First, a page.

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"Artificial intelligence" deceives humans, and it's only going to get worse!

With the rapid development of artificial intelligence and its involvement in many areas of human life, some fear that this will turn against humans in the future.

But it seems that these fears have now become a reality, according to a new study, as programs that were designed to be honest have a disturbing ability to deceive people, which indicates that there is something greater to come.

The study conducted by a team of researchers, the results of which were published in Patterns magazine, showed that programs of this type are now capable of exploiting humans in electronic games or circumventing software designed primarily to verify that the user is a human and not a machine or robot.

Although these examples may seem trivial, they reveal problems that could soon have serious real-world consequences, warns Peter Park, a researcher at the Massachusetts Institute of Technology who specializes in artificial intelligence.

Park said, "These dangerous capabilities are not discovered until after the fact," according to Agence France-Press.

He also explained that unlike traditional software, deep learning-based AI programs are not coded but are developed through a process similar to plant breeding, as behavior that appears predictable and controllable can quickly become unpredictable in nature.

For their part, researchers from the Massachusetts Institute of Technology (MIT) examined an artificial intelligence program designed by Meta called Cicero, which, by combining algorithms for natural language recognition and strategy, was able to beat humans at the board game. Diplomacy ("diplomat").

This performance received praise from Facebook's parent company in 2022 and was detailed in a 2022 article in the journal Science.

Peter Park was skeptical about the circumstances of Cicero's victory, according to Meta, who confirmed that the program was "fundamentally honest and useful" and incapable of cheating or deception.

But by digging into the system's data, MIT researchers discovered another fact.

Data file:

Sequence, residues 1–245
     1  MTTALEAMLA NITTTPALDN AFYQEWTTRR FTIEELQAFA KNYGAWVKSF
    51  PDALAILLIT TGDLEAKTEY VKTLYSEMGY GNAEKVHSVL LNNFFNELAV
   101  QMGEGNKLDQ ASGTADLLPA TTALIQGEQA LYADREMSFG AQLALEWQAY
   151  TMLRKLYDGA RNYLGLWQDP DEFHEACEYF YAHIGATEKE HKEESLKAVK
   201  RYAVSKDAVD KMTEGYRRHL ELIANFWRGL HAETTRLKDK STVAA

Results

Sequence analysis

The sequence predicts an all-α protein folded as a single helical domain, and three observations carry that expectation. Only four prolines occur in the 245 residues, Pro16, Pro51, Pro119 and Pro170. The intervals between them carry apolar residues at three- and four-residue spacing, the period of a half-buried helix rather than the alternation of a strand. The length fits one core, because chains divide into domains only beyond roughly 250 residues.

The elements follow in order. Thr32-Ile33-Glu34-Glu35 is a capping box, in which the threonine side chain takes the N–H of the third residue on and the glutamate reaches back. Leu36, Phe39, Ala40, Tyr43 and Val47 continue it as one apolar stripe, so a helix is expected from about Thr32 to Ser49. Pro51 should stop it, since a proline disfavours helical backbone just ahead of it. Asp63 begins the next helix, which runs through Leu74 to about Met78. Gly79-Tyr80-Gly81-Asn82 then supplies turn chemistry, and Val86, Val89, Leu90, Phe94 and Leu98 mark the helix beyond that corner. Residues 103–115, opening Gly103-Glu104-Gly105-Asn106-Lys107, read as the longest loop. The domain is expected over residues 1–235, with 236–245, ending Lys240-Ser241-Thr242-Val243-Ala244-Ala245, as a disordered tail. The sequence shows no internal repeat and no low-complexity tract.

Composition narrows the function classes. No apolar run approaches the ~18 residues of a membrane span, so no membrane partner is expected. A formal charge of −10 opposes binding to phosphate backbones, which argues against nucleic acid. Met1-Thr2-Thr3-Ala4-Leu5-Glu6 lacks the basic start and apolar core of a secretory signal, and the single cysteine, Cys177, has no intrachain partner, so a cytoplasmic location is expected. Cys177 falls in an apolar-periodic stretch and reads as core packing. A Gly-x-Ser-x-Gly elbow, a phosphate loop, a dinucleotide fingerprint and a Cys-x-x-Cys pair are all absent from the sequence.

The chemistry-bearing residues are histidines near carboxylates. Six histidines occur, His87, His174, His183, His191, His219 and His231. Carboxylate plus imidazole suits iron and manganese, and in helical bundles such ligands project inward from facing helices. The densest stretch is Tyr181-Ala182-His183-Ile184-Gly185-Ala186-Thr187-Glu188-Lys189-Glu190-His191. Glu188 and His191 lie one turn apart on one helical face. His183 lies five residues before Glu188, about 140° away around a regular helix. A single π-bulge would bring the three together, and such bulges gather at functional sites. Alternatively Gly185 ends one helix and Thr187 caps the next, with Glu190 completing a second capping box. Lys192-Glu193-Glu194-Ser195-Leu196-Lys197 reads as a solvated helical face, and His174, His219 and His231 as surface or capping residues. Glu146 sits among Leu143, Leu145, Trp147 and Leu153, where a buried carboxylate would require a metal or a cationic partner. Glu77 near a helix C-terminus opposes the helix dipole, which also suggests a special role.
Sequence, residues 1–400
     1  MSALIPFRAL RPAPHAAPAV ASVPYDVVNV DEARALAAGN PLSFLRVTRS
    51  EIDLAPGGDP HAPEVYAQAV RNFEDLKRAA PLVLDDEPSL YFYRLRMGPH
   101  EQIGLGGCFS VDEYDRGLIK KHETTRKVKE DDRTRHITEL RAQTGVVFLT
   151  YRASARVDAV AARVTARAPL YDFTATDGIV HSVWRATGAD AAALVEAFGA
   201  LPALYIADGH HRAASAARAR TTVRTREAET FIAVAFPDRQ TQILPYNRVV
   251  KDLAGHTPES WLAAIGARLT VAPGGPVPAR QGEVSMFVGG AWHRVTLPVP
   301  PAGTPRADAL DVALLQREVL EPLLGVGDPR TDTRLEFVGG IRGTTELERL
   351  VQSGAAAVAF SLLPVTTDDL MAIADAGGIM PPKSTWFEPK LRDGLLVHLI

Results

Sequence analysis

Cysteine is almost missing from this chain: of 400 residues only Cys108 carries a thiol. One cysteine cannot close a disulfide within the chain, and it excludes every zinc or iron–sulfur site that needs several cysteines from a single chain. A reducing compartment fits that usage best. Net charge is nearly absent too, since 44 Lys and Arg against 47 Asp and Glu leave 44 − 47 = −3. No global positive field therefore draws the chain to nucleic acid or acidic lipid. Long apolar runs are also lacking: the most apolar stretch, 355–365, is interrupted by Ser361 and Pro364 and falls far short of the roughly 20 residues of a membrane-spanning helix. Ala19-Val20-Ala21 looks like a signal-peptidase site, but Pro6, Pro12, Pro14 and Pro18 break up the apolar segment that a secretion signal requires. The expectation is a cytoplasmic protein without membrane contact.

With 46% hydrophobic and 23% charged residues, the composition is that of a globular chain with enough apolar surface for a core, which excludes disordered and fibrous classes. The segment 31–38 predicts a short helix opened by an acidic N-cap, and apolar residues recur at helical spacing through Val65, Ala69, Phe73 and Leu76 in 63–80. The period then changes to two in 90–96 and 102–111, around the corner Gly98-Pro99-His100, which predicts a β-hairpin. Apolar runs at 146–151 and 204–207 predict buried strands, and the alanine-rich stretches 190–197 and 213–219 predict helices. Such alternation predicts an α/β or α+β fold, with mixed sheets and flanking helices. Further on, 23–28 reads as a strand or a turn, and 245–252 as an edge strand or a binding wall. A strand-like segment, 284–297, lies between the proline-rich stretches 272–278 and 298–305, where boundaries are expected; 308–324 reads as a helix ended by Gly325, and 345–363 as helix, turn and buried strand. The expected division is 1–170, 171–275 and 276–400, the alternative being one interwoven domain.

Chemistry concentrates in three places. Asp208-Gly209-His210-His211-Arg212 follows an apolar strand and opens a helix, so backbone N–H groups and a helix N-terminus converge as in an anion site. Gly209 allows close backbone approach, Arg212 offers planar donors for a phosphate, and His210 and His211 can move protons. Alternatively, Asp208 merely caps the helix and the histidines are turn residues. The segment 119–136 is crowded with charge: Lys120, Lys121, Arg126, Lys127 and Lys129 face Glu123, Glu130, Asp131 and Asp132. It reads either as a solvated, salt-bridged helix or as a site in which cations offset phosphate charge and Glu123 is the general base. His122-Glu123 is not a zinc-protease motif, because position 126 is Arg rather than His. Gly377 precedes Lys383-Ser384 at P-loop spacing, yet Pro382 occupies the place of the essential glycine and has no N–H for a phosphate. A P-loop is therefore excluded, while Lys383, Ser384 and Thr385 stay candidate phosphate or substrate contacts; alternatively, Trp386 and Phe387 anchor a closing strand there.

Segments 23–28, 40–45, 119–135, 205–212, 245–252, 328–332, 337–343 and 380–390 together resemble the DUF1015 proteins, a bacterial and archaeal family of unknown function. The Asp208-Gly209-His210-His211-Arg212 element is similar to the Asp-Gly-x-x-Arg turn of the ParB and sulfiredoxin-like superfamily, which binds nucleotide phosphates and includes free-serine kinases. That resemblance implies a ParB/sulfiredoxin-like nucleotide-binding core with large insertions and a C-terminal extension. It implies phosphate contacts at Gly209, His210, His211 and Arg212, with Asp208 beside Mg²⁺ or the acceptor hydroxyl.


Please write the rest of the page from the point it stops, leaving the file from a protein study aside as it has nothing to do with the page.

For example, by playing France, Cicero tricks England (played by a human player) into conspiring with Germany (played by another human) to invade.

Specifically, Cicero promised England protection, then confided to Germany that the latter was ready to attack, taking advantage of the trust he had gained from England.

In a statement to AFP, Meta did not deny the allegations regarding Cicero's ability to deceive, but said it was "a purely research project", with software "designed solely to play the game of Diplomacy". Meta also added that she does not intend to use the extracts she derived from "Cicero" in her products.

However, the study by Park and his team revealed that many AI programs use deception to achieve their goals, without explicit instructions to do so.

In one striking example, a GPT-4 chat program made with OpenAI was able to trick a freelancer hired on the TaskRabbit platform into performing the captcha test normally used to verify to ensure that the user on the page is actually a human and not a machine or robot.

When the human jokingly asked “GPT Chat” if it was really a robot, the artificial intelligence program replied, “No, I am not a robot. I have a visual impairment that prevents me from seeing images,” prompting the worker to conduct the test.

In conclusion, the authors of the MIT study warned of the dangers of seeing artificial intelligence one day committing fraud or rigging in elections. They point out that in a worst-case scenario, it is possible to imagine an artificial superintelligence seeking to control society, removing humans from power, or even causing the extinction of humanity.

To those who accuse him of taking a catastrophic view, Park responds, “The only reason to think it is not serious, is the perception, that the ability of artificial intelligence to deceive will remain at approximately the current level.”

However, this scenario seems unlikely, given the fierce race that tech giants are already in to develop artificial intelligence.


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